Bronnie Ware, a palliative nurse, wrote a book called The Top Five Regrets of the Dying. This post is an adaptation of her observations, with a bonus idea for Christians. Here are 6 ways to avoid regrets on your deathbed:
Work towards YOUR dreams, not the dreams placed on you by your parents.
When you die, will you kick yourself for doing the career you hated, or marrying the person who wasn’t your type, all because it was your parents’ wishes?
Choose quality time over overtime.
Even if your longer work hours produced a larger home or fancier vacations, will your family thank God you were absent more often than not?
Let people know the true you, starting with your true emotions and opinions.
We all wear masks in life, whether it’s to keep up an image or to protect from pain. On a deathbed, however, people who have lived masked lives die incredibly lonely and misunderstood.
Deepen bonds with friends, and if you don’t have friends, make some.
How meaningful and fulfilling it will be when you look around you and see your ride or die friends. These types of friendships don’t form passively. We carve out time and energy to make lasting friendships.
Remove obstacles to joy.
Talk to a therapist to discover what these obstacles might be. If it’s years of resentment, learn steps to forgive. If it’s overwhelmingness, learn to say goodbye to lesser priorities. If it’s chemical imbalance, find a trusted psychiatrist. Life is way too short to live with a negative lens.
Be assured of your salvation.
Do you know where you’re going after you die? Seek answers with your pastor or a spiritual mentor you trust. Assurance of salvation will not only give you great peace when you die, but for each living day as well!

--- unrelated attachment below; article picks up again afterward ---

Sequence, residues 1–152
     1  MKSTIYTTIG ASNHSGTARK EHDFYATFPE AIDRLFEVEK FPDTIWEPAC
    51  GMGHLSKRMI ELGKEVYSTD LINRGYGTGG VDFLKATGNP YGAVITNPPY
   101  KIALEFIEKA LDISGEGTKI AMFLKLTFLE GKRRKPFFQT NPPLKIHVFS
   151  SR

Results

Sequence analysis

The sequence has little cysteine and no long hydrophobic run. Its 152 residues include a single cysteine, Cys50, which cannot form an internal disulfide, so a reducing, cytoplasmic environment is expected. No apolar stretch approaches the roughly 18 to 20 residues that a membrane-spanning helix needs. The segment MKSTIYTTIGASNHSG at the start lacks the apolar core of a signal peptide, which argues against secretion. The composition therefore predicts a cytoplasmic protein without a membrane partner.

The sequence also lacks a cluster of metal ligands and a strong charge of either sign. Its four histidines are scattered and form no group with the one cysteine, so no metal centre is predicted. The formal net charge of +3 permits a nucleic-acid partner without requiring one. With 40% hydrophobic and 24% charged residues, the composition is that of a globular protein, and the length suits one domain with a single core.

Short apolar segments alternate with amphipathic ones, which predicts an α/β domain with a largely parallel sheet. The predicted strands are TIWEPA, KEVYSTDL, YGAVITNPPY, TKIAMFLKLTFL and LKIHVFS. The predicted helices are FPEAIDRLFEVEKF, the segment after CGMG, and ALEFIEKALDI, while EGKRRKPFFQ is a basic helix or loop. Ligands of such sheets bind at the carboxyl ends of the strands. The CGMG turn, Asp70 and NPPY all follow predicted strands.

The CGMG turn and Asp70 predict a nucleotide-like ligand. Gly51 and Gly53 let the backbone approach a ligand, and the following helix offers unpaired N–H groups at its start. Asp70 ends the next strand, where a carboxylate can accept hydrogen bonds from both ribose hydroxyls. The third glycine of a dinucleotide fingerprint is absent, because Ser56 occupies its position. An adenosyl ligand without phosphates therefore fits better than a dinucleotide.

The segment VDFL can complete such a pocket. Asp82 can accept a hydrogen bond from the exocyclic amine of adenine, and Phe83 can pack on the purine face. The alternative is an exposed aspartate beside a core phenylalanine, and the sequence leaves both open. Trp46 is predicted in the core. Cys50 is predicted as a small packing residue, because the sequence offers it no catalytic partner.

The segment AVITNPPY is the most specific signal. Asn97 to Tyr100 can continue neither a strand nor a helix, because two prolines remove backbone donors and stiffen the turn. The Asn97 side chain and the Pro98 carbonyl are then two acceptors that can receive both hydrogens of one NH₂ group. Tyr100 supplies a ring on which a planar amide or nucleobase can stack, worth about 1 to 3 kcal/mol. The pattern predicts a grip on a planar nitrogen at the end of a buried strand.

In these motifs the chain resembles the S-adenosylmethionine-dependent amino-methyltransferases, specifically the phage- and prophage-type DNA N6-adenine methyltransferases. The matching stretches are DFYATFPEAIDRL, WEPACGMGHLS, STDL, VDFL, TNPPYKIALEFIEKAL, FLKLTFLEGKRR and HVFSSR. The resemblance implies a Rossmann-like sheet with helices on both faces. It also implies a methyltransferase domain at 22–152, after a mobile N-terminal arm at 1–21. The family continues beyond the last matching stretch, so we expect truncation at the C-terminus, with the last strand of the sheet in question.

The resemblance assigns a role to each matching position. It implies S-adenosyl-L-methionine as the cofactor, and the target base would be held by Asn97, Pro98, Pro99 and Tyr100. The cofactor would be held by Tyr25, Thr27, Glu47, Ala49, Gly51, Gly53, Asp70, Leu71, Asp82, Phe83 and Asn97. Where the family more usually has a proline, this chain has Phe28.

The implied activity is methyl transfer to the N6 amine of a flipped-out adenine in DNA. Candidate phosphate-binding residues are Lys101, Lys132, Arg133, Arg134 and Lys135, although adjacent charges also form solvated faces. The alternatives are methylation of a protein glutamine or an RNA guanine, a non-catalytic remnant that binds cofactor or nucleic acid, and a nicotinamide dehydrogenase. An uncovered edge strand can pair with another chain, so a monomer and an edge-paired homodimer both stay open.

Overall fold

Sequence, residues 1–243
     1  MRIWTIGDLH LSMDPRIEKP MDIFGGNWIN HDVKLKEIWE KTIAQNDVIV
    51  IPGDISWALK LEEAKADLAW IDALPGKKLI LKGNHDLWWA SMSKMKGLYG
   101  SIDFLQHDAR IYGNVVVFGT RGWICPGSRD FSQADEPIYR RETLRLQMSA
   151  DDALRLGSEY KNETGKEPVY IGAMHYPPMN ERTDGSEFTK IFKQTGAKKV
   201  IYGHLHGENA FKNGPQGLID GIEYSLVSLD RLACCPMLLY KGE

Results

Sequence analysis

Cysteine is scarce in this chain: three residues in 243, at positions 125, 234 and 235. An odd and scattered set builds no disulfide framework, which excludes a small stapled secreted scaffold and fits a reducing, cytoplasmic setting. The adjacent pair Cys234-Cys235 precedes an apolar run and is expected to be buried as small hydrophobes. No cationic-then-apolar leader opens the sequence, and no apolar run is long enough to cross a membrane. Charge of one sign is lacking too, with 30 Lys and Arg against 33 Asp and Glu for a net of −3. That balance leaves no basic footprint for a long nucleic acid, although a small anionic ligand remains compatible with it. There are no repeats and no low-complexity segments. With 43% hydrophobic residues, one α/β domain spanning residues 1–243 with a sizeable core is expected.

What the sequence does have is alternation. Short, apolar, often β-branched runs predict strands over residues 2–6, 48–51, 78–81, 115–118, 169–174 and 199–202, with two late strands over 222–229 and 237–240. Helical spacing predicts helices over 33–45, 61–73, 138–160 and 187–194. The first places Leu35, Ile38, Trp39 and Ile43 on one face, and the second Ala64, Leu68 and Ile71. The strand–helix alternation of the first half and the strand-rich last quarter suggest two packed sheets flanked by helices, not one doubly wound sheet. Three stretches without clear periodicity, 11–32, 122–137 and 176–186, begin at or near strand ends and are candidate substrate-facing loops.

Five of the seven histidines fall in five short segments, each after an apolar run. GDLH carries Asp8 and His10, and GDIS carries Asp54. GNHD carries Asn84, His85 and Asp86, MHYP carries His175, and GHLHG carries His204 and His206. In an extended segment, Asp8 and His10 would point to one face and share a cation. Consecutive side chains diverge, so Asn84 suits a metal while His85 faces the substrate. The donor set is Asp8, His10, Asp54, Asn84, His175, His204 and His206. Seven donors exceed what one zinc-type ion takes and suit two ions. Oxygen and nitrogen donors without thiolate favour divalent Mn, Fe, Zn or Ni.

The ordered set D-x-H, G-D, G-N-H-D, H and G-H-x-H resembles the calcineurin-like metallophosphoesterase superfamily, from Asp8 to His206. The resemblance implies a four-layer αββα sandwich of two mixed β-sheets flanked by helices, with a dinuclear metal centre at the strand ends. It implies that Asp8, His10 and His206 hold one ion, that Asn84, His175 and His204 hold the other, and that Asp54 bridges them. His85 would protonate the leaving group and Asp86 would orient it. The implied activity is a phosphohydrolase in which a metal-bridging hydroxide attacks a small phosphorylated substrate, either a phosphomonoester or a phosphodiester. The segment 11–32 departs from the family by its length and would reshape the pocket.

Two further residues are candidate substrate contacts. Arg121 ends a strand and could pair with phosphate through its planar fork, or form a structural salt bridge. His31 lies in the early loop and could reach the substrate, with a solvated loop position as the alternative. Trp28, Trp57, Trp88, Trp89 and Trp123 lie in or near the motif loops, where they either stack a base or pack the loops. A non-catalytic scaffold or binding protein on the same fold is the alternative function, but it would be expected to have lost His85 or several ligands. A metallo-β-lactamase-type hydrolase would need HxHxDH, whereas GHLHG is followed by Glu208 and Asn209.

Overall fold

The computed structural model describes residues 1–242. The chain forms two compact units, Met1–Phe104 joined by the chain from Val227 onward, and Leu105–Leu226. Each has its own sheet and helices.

I published a new episode of The Same Boat! In Episode 19, I interview Cheryl Kang Prout and Vivianne Kelly of Cordial Family Lawyers, LLP, who provide an intimate glimpse into the world of divorce mediation. Some of the questions we discuss:
Are all family lawyers the same?
How does divorce affect kids?
How is your conscience affected as a family law attorney?
Is there a way to make divorce less painful or harmful?
How can mediators be ministers?
I was blown away by how much I learned from my guests, and I hope you will be illuminated as well. Please share this episode with anyone you know who is considering divorce. And as always, I truly appreciate your reviews on whichever platform you listen to this podcast!
As many of you know, I enjoy pre-engagement counseling quite a bit. If you’re not familiar with the term pre-engagement counseling (I’ll just refer to it as PEC for short), you can read more about it here. I enjoy PEC because we get to talk about topics that married people wish they would have talked over before marrying. So I’m going to start a series of short articles that highlight the key things to ask before popping the question.
I hope these will be of value to you, whether you are dating, or you’re a pastor conducting pre-marital counseling, or even if you are married and want to have more clarity about a topic.
It’s the beginning of Fall, which means the start of my church’s small group is right around the corner. Thinking about my small group brings a variety of wonderful emotions up to the surface: laughter, support, challenge, and most of all, safety. Why do I emphasize safety? Because my small group’s safety stands in stark contrast to the worst small group experience of my life, circa 2013. So what happened?
“No, no, no ….” I groaned, as I watched a Korean drama on TV the other night. A man in his early 30’s with a modernized bowl-cut rubbed his palms together, begging his mother to let him date the love of his life. His love was a lady in her mid 20’s. Pretty, kind, intelligent, and predictably, from a poor family. The man’s mother not only refused her son’s request, but also threatened to inflict damage upon the woman’s family if her son did not break up. Continue reading A Better Way to Honor Your Father and Mother→
“What makes you think your father was never proud of you?” I asked a millennial man in my counseling office years ago. He was leaning over, rubbing his temples with his palms. When he finally looked up at me, eyes glistening with tears, he gave a simple answer: “Because he never told me so.” Continue reading 3 Ways to Develop Your Child’s Self-Esteem→